• 2. Journal of Biology, Agriculture and Healthcare www.iiste.org ISSN 2224-3208 (Paper) ISSN 2225-093X (Online) Vol.3, No.11, 2013 84 a national policy of every country (Schafer and Kegley, 2002). Biopesticides are, unarguably, better and safer than chemical pesticides and can be produced locally with cheap materials and simple equipment (Tamo, 2012). In the last three decades, considerable efforts have been directed at screening plants in order to develop new botanical insecticides as alternatives to the existing synthetics which are associated with problems such as phytotoxicity, pest resurgence and resistance, widespread environmental and health hazards, high costs and counterfeiting (Lale, 2001; Bloch, 2012; Grzywacz and Leavett, 2012). These plants are rich sources of mostly untapped biotic organic chemicals, very many of which may have evolved to protect the plant from herbivores. Some 2000 plant species are reported to possess pest control properties (Ahmed et al., 1984). Although very promising results have been achieved in laboratory tests with plant materials, their effectiveness under practical storage condition is limited (Gwinner et al, 1990). It has also been stated that one of the disadvantages of other techniques of pest control (as against the use of synthetic chemicals) is that other methods (like the use of plant products) cannot be used in emergency situations (Stiling, 1985). Various workers (Oparaeke et al, 2002; Abdullahi and Mohammed, 2004) have screened some plant materials as protectants of stored produce, especially cowpea, against storage insect pests. In most of these works, however, seeds or grains to be tested by researchers were initially disinfested before the application of the test materials. Under such experimental condition, the bio-pesticides mostly come out highly effective. However, C. maculatus are field-to-store pests and so; some damaged seeds (with the insects in various developmental stages) must necessarily be carried into the store. From our observations, most grain dealers in Nigerian local markets, mix heavily infested seeds with fresh ones to maximize profit. Could these plant products also be useful in such situations when partly or wholly infested seeds are treated? This investigation, therefore, is aimed at finding out whether these plant materials, all of which have been adjudged ‘effective’, could afford practicable and quick control methods where pest populations are approaching economic threshold. 2. Materials and Methods 2.1. Insect Culture The laboratory culture of C. maculatus was reared under ambient temperature of 28±3 0 C and relative humidity of 75±5 % with adult insects collected from infested cowpea seeds at a local market in Ilorin, Kwara State, Nigeria. The insects were introduced into two breeding containers containing susceptible cowpea seeds Cv. Tvu 3629 (collected from the International Institute for Tropical Agriculture, Ibadan, Nigeria). Cowpea for the experiment was sealed in cellophane bags and disinfested by deep-freezing for 2 weeks. The seeds were air-dried in the laboratory for 24 hours prior to use. 2.2. Preparation of Test Plant Powders Fresh leaves of siam weed, Chromolaena odorata (L.) King and Robinson (Compositae); lemon grass, Cymbopogon citratus (DC.) Staph (Graminae); pitanga cherry, Eugenia uniflora L. (Myrtaceae); mango, Mangifera indica L. (Anacardiaceae); bitter gourd, Mormodica charantia L. (Cucurbitaceae) and basil, Ocimum gratissimum L. (Labiatae); the seeds of horse radish, Moringa oleifera Lam (Moringaceae) and brown pepper, Piper guineense Schum and Thonn (Piperaceae) and the barks of the cashew tree, Anacardium occidentale L. (Anacardiaceae) and mahogany, Khaya senegalensis (Desr.) A. Juss (Meliaceae) were obtained from different locations in Ilorin, Kwara State, Nigeria. The collected plant materials were dried under shade and processing done within one week of collection to prevent rotting or other problems that may lead to loss of active principles (Sharma, 1982). The plant materials were pulverized into fine powder using a Philips electric blender (Cucina HR 1731/37, 2L/400w.220v-50/60Hz.), passed through 10- micron sieve and sealed in cellophane bags until needed for use. 2.3. Bioactivity Tests Hundred grams (100 g) of well preserved and air-dried cowpea seeds were placed in a total of 132 (250 mls) plastic tubes. 120 of these tubes were for the four rates of each of the 10 plant products (including the control) replicated thrice (that is 10 plant products x 4 rates x 3 replications). The remaining 12 tubes were for the 4 Actellic treatment rates (0.0, 1.0, 2.0 and 3.0 g/100.0 g seed) replicated thrice. Five pairs of adult C. maculatus aged between 24 - 48 hours were introduced into each of the 132 plastic tubes. The tubes were firmly covered with baft cloth to allow for respiration of the insects and preclude entry or exit of insects. The experiment was left for 5 weeks after the introduction of the insects and the emergence of the F1 generation. All the insects (dead and living) were removed from each of the plastic tubes. Another 100 g of clean cowpea seeds from the same source as before were added into each of the 132 tubes. The addition of the clean seeds was to ensure continued supply of food for immature derived from emerged weevils during the experiment and to mimic the common market scenario where local traders mix infested seeds with fresh ones to maximize profit. The clean cowpea seeds were introduced only once during the experimentation.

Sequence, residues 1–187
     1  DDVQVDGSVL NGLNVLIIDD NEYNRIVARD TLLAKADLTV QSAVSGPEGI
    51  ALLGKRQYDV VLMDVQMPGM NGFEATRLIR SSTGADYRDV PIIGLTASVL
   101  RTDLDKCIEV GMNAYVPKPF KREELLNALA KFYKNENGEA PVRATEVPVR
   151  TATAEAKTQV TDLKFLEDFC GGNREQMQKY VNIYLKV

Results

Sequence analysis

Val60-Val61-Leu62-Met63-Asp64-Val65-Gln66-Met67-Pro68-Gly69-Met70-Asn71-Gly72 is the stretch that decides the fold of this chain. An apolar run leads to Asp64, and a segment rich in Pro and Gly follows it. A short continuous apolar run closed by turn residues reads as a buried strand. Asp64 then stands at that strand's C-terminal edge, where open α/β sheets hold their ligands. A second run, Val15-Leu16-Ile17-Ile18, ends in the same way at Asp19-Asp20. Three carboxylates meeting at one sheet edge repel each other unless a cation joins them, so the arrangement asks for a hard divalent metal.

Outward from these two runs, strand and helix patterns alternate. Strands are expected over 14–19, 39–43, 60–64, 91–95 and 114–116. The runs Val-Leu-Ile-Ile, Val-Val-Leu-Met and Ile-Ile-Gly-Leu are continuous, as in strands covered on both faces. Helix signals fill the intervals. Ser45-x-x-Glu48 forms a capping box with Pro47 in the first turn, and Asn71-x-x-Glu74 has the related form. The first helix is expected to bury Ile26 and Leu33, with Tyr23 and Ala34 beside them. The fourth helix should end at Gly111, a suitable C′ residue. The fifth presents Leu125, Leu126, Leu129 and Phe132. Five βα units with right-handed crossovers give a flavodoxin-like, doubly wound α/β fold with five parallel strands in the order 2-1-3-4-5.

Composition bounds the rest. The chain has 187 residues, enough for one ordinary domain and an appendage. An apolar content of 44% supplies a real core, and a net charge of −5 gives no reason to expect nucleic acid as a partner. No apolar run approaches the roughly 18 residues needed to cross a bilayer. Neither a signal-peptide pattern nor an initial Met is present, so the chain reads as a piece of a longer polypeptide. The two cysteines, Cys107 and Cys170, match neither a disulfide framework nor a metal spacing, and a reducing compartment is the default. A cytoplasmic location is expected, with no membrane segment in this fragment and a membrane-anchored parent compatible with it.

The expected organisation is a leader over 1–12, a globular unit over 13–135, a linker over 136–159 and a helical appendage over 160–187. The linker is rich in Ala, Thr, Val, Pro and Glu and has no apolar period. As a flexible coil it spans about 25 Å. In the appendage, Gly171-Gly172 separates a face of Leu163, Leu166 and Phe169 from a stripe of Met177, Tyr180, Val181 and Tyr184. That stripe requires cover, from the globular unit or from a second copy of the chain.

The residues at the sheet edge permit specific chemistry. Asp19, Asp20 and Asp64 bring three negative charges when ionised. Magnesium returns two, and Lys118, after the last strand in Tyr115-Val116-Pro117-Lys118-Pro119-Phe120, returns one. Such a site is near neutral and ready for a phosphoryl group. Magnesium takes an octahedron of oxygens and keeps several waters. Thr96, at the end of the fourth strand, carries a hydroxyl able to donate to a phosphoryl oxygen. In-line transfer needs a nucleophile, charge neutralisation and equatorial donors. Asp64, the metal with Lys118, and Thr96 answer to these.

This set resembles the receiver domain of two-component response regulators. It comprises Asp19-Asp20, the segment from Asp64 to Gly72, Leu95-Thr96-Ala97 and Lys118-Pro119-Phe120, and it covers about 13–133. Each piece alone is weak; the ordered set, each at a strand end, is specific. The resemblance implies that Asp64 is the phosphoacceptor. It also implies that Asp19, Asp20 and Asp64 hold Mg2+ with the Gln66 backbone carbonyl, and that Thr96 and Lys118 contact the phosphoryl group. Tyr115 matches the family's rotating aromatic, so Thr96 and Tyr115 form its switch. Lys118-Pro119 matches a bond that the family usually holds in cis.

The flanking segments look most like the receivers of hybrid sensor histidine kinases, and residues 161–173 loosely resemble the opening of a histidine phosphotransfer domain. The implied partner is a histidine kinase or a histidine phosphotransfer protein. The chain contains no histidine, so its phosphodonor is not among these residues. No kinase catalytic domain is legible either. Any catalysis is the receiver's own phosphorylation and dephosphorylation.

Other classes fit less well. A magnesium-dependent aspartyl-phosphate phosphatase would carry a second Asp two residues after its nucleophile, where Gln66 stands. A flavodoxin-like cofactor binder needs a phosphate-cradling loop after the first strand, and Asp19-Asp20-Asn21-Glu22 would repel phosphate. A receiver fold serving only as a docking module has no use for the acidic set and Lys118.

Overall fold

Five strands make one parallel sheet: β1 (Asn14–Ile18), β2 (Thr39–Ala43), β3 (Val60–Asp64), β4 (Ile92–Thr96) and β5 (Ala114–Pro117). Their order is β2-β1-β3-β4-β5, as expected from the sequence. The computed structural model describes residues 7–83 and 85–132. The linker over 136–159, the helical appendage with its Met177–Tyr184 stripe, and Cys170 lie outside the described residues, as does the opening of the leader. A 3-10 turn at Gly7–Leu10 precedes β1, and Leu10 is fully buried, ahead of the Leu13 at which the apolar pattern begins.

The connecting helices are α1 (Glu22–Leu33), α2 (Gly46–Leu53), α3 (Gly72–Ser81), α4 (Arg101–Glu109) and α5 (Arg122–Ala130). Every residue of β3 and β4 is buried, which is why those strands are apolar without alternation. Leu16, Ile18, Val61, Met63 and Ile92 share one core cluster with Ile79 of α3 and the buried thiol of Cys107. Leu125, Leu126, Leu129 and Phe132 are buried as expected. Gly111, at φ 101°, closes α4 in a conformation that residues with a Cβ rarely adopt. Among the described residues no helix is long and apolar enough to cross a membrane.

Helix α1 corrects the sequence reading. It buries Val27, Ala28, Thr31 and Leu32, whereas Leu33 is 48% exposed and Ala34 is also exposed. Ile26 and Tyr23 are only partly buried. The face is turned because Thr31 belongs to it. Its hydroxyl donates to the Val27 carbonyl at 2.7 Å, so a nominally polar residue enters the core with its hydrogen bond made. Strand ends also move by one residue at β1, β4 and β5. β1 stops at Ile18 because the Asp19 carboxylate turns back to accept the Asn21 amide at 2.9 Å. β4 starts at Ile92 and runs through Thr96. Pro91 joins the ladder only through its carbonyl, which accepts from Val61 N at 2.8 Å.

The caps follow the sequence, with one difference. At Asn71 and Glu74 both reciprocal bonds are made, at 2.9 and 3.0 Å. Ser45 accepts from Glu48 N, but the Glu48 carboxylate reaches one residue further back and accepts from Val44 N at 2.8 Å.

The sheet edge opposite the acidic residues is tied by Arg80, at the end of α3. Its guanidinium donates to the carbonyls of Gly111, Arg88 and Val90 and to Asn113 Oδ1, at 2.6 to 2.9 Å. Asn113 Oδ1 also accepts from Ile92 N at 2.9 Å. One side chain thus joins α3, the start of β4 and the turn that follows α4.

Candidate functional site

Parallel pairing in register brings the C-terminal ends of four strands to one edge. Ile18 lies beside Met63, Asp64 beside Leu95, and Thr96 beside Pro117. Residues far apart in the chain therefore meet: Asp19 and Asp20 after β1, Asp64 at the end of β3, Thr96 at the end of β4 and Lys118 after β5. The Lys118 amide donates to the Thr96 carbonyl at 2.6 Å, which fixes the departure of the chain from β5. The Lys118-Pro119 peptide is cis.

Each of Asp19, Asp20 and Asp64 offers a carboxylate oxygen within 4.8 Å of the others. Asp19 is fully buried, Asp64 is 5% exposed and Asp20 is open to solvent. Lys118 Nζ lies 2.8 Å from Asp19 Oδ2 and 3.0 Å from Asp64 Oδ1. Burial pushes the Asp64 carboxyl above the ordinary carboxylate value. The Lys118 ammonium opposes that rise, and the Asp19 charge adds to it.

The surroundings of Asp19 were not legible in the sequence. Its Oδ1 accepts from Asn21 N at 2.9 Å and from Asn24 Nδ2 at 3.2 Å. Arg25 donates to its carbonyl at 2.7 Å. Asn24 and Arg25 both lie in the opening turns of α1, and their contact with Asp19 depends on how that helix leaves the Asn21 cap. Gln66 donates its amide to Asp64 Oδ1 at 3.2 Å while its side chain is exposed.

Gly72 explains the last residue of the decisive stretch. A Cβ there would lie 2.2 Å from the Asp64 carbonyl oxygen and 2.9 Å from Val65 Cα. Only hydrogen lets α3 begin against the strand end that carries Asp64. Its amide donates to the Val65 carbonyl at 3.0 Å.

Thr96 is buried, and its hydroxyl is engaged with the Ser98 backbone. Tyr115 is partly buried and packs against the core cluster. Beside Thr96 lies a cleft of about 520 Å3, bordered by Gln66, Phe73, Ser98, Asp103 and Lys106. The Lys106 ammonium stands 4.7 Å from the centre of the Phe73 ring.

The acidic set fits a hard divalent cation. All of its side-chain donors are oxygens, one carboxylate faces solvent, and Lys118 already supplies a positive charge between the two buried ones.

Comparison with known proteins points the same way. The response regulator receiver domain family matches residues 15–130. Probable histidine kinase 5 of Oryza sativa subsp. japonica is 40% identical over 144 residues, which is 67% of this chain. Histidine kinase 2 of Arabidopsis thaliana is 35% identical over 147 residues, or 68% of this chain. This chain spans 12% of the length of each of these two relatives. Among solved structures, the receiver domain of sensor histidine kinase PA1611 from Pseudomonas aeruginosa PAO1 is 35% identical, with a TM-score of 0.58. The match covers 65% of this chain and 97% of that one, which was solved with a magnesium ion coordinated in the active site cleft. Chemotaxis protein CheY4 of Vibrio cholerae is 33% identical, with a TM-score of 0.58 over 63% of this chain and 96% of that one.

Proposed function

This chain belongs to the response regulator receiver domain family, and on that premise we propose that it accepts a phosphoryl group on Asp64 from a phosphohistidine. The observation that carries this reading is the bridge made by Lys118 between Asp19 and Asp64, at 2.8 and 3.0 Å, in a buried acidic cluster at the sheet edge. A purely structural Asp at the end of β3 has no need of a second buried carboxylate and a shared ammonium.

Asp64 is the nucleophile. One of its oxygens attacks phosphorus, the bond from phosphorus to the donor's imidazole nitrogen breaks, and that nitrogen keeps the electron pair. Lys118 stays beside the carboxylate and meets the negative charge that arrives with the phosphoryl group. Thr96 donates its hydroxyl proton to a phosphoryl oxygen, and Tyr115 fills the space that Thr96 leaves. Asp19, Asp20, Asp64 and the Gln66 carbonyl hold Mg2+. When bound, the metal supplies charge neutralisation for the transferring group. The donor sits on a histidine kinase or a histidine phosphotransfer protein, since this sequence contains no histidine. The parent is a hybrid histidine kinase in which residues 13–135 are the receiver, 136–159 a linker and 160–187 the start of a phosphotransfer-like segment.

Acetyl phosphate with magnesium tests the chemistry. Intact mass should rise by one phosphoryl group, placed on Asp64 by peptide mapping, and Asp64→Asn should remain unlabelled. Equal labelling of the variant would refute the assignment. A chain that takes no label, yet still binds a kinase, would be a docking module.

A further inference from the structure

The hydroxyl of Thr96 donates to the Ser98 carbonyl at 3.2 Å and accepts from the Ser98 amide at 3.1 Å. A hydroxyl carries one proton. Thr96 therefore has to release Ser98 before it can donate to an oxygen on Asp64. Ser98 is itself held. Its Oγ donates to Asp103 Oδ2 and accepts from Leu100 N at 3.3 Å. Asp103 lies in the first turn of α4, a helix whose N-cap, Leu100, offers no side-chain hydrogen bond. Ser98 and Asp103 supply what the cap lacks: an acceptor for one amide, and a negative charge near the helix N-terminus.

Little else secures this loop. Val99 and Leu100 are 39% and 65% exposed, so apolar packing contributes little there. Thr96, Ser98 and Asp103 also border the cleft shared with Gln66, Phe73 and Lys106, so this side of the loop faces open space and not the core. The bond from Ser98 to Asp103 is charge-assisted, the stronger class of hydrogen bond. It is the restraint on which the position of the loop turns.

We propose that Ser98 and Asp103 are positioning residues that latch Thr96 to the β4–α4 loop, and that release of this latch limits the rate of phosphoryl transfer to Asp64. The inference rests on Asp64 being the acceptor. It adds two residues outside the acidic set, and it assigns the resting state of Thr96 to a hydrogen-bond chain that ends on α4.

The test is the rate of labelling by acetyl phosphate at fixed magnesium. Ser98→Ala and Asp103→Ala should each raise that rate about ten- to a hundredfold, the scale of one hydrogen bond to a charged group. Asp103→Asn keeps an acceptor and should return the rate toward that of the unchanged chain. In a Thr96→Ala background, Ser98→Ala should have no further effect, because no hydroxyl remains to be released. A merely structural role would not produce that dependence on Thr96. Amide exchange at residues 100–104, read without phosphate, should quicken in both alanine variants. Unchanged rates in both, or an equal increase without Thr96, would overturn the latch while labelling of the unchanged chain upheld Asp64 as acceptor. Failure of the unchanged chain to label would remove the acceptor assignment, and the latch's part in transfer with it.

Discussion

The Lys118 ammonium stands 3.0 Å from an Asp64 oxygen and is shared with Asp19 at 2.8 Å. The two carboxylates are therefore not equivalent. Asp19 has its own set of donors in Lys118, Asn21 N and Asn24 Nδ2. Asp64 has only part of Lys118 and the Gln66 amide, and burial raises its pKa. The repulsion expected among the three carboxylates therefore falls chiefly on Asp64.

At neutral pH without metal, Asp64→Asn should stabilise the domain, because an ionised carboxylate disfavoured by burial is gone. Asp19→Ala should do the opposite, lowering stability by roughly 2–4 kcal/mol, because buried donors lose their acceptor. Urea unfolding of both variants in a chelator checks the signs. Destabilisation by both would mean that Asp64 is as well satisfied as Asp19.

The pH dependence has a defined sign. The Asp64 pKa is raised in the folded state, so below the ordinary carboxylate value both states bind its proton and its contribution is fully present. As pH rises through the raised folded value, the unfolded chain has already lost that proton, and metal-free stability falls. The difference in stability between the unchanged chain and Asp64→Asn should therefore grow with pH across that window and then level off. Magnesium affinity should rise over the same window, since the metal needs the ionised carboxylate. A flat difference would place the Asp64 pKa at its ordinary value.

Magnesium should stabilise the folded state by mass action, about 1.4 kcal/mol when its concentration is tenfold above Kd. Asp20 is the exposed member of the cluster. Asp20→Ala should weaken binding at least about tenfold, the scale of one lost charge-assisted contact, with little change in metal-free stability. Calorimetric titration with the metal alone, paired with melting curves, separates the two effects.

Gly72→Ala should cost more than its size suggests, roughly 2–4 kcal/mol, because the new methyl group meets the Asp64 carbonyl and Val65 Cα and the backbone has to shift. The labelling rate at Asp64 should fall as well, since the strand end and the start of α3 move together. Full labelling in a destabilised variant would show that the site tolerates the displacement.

• 3. Journal of Biology, Agriculture and Healthcare www.iiste.org ISSN 2224-3208 (Paper) ISSN 2225-093X (Online) Vol.3, No.11, 2013 85 The plant products from the 10 different plants being screened were measured out in 2.5 g, 5.0 g, 10.0 g and the control, respectively. Each of the rates were replicated thrice (making a total of 12 replicates per plant product and 120 replicates for the 10 plant products) and put into 120 of the 132 tubes. Actellic dust at 0.00 g, 1.0 g, 2.0 g and 3.0 g (and also replicated thrice) were put into the remaining 12 tubes. The 132 plastic tubes now with 100 g infested and 100 g fresh cowpea seeds were thoroughly mixed with the test materials, randomized and laid out in the laboratory. The control (0.00 g) had neither plant product nor Actellic dust added. The following parameters were measured. i. Effect of the plant materials and Actellic dust on adult emergence and mortality: The numbers of dead and living insects were recorded weekly from one to ten weeks after the introduction of the treatment materials. Both the living and dead insects were discarded after each week’s recordings. ii.Damage assessment was done through the counting of the total number and distribution of holes per seed of cowpea. The number of holes per sub-sample of ten randomly selected seeds and the number of these seeds with holes were recorded. This assessment was done twice – at the sixth and tenth week respectively. The Weevil Perforation Index (WPI) (Fatope et al., 1995) was then calculated thus: WPI = % Treated cowpea grains perforated X 100 % Control cowpea grains perforated 1 Weevil Perforation Index value exceeding 50 % is regarded as enhancement of infestation by the weevil or negative ability of the plant material or insecticides tested. 3. Results and Discussion All the ten tested plant materials had been reported to have one form of protective ability or the other on storage pests. The experiment was, therefore, aimed at testing the curative efficacy of these otherwise proven insecticidal plant products for the control of an established infestation by monitoring progeny emergence and damage assessment through weevil protection indices. In the experiment, a trend towards large numbers of emerged adults was evident for the first, second, fourth and fifth weeks after the application of the treatments (Table 1). Actellic dust treated seeds recorded the least number of emerged insects which were statistically and consistently comparable to the effects of O. gratissimum, P. guineense and M. oleifera. Where the emergence was very low (Weeks 3 and 6), the effects of all the materials were distorted and so were almost statistically the same. Between weeks 6 and 10, the total number of insects that emerged was very low (notice the difference between the cumulative total number of emerged adults between weeks 6 and 10) (Table 2). Actellic dust treated seeds had the lowest average cumulative mean number of emerged insects in weeks 6 and 10 (33.6 and 35.8 insects, respectively) which were significantly different from all other treatments. Tagging behind were seeds treated with O. gratissimum (112.0 and 131.9 insects, respectively) and P. guineense (124.4 and 129.1 insects, respectively). The control had 378.3 and 379.3 emerged insects, respectively. At week 10, which is the terminal week of the experiment (after the 2nd filial generation), Actellic treated seeds had the least number of holes per seed and the number of these seeds with holes. This effect was dose related as the highest rate (3.0 g/100 g seed) gave the least number of seeds with holes (Table 3). These were, however, not statistically different from seeds treated with higher rates of O. gratissimum, P. guineense and M. oleifera. At week 6 of the experiment, Actellic dust treated seeds had the highest cumulative mortality rates (70.9 – 89.4 insects) which were statistically more significant than the other treatments. Following were seeds treated with O. gratissimum (59.4 – 71.8 insects) and M. oleifera (42.7 – 63.5 insects). Seeds treated with Chromolaena odorata (45.1 – 55.2 insects) and Eugenia uniflora (34.1 – 49.2 insects) were slightly more toxic than the other treatments. The control had an average of just 35.8 dead insects. In most cases, the efficacy of the treatment material type tended to be dose related with the highest rates giving better results (Figure 1). With regards to the weevil perforation index (WPI) which measures the protection ability of the treatment materials, M. oleifera and P. guineense (46.7 %, respectively) gave the best WPI at the highest rates of application (Table 3). Actellic dust at the highest rate (3.0 g/100 g seed) recorded a 50.0 % WPI which tallied with the WPI of O. gratissimum at the highest rate. Chromolaena odorata performed relatively better than the remaining plant materials though its WPI exceeded the 50 % benchmark. Other plant products; Anacardium occidentale, Cymbopogon citratus, Eugenia uniflora, Khaya senegalensis, Mormodica charantia and Mangifera indica basically had WPI which far exceeded the 50.0 % bench mark, suggesting that they had no protection ability on seeds with established infestation. . The highest rates of Moringa oleifera treated seeds were found to have the best protection on already infested seeds. The ground seed of M. oleifera is oily and quickly spreads to cover the seeds in storage. Anhwange et al. (2004) had isolated hydrogen cyanide (Mg/100 g 0.58), Tannins (2.13 %) and Saponins (2.25 %) from the seeds